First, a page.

Indianz.Com > News > Trump administration deals with fallout from tribal victory at Supreme Court
U.S. Attorney General William Barr, left, speaks with President Donald Trump at Joint Base Andrews, Maryland, on September 1, 2020. Photo: Shealah Craighead / White House
Trump administration deals with fallout from tribal victory at Supreme Court
Wednesday, September 30, 2020

The Trump administration’s top legal official is in Oklahoma to learn more about the impacts of the historic U.S. Supreme Court decision that affirmed the treaty rights of the Muscogee (Creek) Nation.

But Attorney General William Barr, the head of the Department of Justice, is prepared to snub the tribe whose victory in the closely-watched McGirt case is still being celebrated across Indian Country. As of late Tuesday night, he hadn’t yet confirmed whether he would meet with leaders of the Creek Nation, whose reservation boundaries were confirmed by the high court’s landmark ruling.

“This is a huge faux pas,” one Oklahoma Indian insider said of the Trump administration’s failure to reach out to the Creeks.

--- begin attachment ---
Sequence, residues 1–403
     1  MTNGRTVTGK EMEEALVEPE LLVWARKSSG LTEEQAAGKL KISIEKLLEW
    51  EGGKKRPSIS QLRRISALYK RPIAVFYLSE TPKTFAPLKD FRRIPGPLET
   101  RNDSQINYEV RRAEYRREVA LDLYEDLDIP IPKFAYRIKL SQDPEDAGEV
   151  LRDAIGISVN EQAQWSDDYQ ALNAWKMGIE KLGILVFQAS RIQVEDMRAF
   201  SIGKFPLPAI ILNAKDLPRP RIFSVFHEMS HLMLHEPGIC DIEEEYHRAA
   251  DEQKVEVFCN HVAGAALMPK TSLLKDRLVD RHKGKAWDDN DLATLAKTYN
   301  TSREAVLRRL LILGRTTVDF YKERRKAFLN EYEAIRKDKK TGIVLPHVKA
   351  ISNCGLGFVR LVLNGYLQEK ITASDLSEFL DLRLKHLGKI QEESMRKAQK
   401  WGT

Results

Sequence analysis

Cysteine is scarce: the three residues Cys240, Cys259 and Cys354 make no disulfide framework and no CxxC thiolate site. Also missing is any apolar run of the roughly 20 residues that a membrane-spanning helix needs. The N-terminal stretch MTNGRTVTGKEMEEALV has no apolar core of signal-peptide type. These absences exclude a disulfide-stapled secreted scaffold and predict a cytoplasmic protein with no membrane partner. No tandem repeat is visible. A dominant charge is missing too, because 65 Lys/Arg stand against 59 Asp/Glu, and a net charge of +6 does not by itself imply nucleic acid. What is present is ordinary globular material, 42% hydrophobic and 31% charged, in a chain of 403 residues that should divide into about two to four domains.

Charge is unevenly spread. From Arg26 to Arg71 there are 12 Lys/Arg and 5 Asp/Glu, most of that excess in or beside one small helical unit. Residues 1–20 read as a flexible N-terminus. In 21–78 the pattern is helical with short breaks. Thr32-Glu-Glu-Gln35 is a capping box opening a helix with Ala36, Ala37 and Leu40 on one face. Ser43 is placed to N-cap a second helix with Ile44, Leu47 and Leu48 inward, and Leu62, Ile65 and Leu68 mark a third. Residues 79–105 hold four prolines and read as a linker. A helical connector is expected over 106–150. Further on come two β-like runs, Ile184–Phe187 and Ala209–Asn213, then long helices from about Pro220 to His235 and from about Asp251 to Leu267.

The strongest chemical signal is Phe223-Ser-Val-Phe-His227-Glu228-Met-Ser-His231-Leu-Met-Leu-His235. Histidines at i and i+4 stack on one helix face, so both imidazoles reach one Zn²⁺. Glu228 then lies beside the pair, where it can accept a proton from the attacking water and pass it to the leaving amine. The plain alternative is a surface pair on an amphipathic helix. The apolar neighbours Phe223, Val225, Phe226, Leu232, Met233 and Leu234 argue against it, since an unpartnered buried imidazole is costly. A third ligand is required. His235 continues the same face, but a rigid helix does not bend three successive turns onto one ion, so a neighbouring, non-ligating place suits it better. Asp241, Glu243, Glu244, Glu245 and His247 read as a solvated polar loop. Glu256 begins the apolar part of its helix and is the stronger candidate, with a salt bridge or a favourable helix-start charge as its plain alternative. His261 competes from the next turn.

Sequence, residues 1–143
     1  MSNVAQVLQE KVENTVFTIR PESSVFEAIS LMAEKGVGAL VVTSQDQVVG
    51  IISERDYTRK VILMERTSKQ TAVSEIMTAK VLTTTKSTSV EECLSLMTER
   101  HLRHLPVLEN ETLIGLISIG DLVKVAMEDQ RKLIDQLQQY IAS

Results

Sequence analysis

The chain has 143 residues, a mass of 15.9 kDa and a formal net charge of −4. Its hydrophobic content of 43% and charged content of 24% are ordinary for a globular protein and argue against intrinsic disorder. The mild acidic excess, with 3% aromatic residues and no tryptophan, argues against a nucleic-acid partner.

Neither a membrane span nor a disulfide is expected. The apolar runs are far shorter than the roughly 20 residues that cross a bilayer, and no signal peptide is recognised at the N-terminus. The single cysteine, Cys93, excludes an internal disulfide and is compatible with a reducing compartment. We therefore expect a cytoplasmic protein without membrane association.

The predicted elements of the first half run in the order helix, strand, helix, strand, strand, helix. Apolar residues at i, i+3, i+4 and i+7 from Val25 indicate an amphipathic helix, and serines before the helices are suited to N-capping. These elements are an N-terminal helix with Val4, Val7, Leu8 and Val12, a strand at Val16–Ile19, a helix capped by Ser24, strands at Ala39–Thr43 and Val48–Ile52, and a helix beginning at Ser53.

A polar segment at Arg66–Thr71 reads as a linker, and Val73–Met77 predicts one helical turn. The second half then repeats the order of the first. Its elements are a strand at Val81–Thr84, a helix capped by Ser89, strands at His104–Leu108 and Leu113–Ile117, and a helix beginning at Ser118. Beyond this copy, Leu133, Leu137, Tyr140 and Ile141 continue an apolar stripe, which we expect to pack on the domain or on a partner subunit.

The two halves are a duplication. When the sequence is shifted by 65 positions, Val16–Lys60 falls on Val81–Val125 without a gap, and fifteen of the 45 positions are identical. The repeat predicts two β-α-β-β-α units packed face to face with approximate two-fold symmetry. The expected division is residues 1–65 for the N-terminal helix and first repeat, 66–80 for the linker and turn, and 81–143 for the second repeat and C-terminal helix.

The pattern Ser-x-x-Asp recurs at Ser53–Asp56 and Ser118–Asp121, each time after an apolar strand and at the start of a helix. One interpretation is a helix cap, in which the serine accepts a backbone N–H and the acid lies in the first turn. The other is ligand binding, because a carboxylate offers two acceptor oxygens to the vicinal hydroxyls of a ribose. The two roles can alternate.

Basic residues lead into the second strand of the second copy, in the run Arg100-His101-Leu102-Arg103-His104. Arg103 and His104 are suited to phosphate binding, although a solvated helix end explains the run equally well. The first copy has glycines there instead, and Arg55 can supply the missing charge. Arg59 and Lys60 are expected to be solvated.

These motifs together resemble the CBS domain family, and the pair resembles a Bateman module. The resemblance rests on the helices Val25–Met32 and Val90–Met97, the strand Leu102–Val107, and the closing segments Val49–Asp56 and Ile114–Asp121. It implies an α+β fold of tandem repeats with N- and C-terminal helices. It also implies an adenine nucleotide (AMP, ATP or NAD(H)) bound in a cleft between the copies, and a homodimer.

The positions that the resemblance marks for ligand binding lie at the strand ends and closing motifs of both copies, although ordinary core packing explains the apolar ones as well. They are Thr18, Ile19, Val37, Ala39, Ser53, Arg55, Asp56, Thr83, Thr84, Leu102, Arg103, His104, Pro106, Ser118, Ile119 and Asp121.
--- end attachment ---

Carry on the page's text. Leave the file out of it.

And it’s not just Creek leaders who have been kept in the dark. According to officials from two tribes, the state’s Congressional delegation — all are Republicans, except for one — didn’t find out about Barr’s roundtable until Wednesday morning, much like the rest of the public.

As a result, at least one Republican lawmaker is also pushing for Barr to meet with the Creek Nation, according to a person briefed on the discussions that emerged once word got out about the high-profile visit from a member of Donald Trump’s Cabinet, less than 40 days from the presidential election.

The breaches of tribal and political protocol come as Barr makes his first to Indian Country in nearly a year. Last November, he traveled to the Flathead Reservation in Montana, where he met with leaders of the Confederated Salish and Kootenai Tribes and discussed efforts to address the crisis of missing and murdered Native Americans, especially women and girls, who are disappearing and being victimized at alarming rates.

The crisis has been the focus of Operation Lady Justice, a task force that was established by President Trump later that month. The group is co-chaired by Barr, though he has not participated in any of the listening sessions or tribal consultations that have taken place since the start of 2020.